I used to bake bread for our family, specifically Challah, about once a month. We didn’t celebrate the sabbath in our home every week, but our family knew that when they smelled the aromatic Challah, we would be having a “formal” dinner. They could expect that everyone would sit at the table, engage in active conversation, and be a loving family for at least 30 minutes.
Bloomberg posted this article in April:
My big takeaway from the article is this:
The important lesson that employers learned from Covid is that companies are more than just “nexuses of contacts,” as Michael Jensen and William Meckling put it in 1976. They are social organizations that are in the business of transmitting unique cultures. In fact, the word “company” is comprised of two Latin words “com” and “pane,” meaning breaking bread together. When it comes to passing on the tricks of the trade, generating a sense of camaraderie, or solving collective problems, there is nothing better than sharing the same space.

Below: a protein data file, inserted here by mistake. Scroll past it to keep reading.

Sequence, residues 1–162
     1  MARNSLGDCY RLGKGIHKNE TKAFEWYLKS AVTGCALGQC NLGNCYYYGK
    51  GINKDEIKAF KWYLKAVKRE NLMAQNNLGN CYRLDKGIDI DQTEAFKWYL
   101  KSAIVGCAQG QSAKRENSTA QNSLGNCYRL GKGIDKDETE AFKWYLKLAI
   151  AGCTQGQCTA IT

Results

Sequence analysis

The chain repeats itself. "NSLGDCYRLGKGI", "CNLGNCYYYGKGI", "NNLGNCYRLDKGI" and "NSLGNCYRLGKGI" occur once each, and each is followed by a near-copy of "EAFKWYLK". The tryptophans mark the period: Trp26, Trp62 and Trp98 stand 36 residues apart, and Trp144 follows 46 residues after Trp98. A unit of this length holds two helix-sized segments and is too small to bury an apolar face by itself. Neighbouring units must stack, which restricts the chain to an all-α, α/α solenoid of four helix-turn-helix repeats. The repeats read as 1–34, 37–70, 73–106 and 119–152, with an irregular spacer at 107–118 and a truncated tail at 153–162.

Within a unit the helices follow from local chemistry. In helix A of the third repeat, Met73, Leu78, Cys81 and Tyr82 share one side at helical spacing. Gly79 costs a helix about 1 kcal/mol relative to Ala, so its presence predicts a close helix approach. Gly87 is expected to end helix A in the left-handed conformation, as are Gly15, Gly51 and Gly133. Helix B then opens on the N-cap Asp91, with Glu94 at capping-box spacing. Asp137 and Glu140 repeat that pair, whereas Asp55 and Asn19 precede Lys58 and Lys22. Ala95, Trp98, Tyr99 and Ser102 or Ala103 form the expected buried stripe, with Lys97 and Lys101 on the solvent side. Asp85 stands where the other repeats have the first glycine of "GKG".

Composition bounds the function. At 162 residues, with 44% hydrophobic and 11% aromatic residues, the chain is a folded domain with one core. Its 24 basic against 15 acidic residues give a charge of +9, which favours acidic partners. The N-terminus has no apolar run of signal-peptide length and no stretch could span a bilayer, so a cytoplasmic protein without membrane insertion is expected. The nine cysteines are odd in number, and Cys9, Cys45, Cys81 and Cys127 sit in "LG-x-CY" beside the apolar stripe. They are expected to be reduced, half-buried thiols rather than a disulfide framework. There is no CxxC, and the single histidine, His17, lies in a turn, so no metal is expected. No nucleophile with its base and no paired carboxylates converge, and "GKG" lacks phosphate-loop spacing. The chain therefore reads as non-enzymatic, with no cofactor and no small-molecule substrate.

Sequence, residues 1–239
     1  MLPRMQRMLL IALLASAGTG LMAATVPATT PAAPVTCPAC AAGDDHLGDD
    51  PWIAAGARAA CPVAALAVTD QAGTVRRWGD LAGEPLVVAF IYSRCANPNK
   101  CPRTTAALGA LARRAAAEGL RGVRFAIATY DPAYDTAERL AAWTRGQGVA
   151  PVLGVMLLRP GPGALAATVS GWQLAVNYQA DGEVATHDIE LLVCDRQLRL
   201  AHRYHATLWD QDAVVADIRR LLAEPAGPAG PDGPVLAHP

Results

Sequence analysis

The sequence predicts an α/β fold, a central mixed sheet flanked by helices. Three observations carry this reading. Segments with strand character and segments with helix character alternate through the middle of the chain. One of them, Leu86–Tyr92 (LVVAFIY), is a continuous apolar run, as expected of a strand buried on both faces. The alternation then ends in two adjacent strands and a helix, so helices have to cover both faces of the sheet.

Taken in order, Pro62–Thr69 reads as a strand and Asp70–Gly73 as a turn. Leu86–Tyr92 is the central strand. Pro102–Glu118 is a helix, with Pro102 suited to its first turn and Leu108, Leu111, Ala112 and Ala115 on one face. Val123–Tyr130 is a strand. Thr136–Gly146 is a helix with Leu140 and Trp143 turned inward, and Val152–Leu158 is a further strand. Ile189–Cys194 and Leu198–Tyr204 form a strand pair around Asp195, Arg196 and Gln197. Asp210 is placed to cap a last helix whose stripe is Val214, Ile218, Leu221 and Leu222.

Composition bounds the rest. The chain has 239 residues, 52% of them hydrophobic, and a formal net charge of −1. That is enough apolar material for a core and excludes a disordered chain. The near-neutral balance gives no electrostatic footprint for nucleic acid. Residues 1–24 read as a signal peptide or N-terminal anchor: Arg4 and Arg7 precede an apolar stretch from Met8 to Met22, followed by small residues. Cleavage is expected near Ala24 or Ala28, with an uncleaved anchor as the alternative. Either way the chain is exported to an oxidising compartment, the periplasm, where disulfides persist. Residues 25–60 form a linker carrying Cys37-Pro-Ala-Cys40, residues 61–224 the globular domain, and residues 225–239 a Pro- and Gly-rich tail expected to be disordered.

Whether your organization never stopped meeting on site, you have gone fully virtual, or you started a new hybrid model, when you are together don’t overlook time to break bread. If you are a senior leader, meet with all of your direct reports at least once a month. Get to know each other as people, refrain from always discussing job responsibilities, and just talk as two people about your lives outside of work. If you are a department head, bring your remote employees together at least quarterly, and be sure to throw some fun into the mix while you are all together. If you are an employee seeking connection, try starting a company-sponsored pickleball or bowling team.
And when you are in my area, please let me know and I will make Challah and share a meal with you. My husband loves meeting my work family, and we have plenty of room around our table. Remember that the root words of “company” are about breaking bread together. When will you next break bread with your work family?